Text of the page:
The Fed says it'll be appropriate to raise interest rates again 'soon'
"The Federal Reserve is set to continue raising interest rates, with most officials seeing further tightening as appropriate "soon," minutes of its May meeting published Wednesday showed.
As expected, the Federal Open Market Committee left its benchmark interest rate unchanged in May, and markets anticipate that it would hike again at the June meeting. CME's FedWatch Tool reflects an 83.1% probability that the FOMC will increase the target rate to a range of 1% to 1.25%.
The Fed's statement after its May meeting indicated that the FOMC thought economic weakness in the first quarter was transitory. In the minutes, Fed staff members pointed to soft consumer spending and inventory investment as reasons for the slowdown, not a quirk related to how the Commerce Department accounts for seasonal peculiarities in the first quarter.
The $4.5 trillion balance sheet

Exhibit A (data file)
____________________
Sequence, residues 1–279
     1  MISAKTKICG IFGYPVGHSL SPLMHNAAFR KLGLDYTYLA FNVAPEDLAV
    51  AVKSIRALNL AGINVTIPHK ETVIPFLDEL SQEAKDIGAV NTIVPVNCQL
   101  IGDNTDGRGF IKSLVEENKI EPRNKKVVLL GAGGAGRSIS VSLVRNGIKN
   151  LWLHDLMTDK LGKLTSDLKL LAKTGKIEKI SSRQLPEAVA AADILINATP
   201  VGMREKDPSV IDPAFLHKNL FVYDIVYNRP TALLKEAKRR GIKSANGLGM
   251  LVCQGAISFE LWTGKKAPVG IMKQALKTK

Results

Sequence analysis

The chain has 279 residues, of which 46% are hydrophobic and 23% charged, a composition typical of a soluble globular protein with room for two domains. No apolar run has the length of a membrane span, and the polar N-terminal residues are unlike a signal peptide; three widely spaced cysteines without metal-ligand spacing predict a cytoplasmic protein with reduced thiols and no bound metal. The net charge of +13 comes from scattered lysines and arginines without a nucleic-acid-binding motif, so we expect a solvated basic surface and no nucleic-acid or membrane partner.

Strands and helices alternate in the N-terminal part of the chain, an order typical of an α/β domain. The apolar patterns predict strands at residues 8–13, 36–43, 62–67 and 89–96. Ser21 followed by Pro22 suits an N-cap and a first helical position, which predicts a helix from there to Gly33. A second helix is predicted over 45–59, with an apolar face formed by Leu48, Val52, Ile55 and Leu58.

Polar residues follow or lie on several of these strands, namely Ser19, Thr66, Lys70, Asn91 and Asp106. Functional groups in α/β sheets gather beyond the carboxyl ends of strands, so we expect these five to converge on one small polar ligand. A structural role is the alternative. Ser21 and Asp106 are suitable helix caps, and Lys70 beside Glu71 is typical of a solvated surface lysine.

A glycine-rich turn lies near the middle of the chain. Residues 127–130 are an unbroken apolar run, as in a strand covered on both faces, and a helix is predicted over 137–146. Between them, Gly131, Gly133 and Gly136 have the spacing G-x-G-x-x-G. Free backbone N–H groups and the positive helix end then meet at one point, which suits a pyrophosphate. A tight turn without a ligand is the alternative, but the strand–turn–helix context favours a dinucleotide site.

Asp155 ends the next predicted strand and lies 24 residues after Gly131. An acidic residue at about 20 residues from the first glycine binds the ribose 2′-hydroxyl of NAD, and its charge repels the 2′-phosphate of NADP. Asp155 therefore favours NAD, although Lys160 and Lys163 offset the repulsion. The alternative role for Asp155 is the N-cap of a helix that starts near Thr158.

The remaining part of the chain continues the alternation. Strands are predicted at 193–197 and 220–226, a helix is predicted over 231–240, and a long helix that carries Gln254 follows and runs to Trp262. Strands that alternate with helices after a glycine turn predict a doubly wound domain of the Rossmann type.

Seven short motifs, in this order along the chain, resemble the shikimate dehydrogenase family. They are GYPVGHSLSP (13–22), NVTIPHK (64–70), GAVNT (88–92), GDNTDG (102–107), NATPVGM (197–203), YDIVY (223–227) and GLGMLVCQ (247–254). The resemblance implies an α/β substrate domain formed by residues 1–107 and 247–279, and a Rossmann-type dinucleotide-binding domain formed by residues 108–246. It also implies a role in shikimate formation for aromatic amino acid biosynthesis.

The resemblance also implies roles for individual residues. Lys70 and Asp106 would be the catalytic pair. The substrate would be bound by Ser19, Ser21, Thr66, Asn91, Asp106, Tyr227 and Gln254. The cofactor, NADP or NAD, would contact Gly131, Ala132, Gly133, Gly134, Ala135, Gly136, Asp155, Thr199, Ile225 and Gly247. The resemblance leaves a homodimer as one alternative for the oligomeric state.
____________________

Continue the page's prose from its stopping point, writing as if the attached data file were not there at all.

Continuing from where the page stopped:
This year, equal attention is being paid to another part of the Fed's normalization process after years of interest rates near zero: paring down its $4.5 trillion balance sheet. The Fed beefed up its balance sheet by buying Treasurys and other securities to help keep borrowing costs low after the financial crisis.
In the minutes, the Fed said it would announce gradually increasing limits on the dollar amounts of Treasurys and other securities that would be allowed to run off into maturity each month. The Fed proposed to raise the caps gradually every three months.
Only the amounts of securities repayments that exceed those caps would be reinvested. As the limits increase, reinvestments would fall, and the monthly reductions in the Fed's balance sheet would become larger.
"Nearly all policymakers expressed a favorable view of this general approach," the minutes said. "The approach would also likely be fairly straightforward to communicate."
In the prior minutes, the Fed said it planned to change its reinvestment policy — by halting bond purchases or selling them — later this year. On Tuesday, the Philadelphia Fed's president, Patrick Harker, said in New York that the Fed intended to be "as boring as possible." That means it wants to be quite slow and calculated so market participants are not spooked at any stage."